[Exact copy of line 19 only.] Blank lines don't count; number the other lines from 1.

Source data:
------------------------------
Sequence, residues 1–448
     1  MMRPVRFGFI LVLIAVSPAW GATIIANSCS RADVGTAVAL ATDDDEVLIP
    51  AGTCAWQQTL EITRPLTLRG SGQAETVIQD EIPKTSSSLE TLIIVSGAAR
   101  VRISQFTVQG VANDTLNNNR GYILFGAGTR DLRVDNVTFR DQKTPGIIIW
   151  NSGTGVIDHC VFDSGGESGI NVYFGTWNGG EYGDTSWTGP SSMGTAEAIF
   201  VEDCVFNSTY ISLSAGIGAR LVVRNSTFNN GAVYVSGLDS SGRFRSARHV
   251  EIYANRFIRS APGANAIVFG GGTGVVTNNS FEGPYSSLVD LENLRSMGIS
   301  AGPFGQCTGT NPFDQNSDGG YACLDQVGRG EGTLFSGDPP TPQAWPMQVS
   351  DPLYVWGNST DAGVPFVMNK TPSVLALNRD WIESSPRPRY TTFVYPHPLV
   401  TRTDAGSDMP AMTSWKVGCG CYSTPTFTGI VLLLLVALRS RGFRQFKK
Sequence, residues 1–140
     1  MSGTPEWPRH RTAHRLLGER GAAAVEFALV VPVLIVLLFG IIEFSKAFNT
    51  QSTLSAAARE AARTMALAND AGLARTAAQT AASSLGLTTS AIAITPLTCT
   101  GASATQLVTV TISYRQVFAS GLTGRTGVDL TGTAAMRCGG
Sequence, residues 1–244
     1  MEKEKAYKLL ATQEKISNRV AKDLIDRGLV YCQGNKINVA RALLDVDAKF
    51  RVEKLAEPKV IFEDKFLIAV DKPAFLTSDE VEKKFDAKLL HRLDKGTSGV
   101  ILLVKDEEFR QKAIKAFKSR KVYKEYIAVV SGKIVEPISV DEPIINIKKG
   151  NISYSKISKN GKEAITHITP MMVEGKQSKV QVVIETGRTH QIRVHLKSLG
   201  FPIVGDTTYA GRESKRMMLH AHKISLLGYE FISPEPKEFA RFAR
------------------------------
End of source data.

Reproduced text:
   151  NISYSKISKN GKEAITHITP MMVEGKQSKV QVVIETGRTH QIRVHLKSLG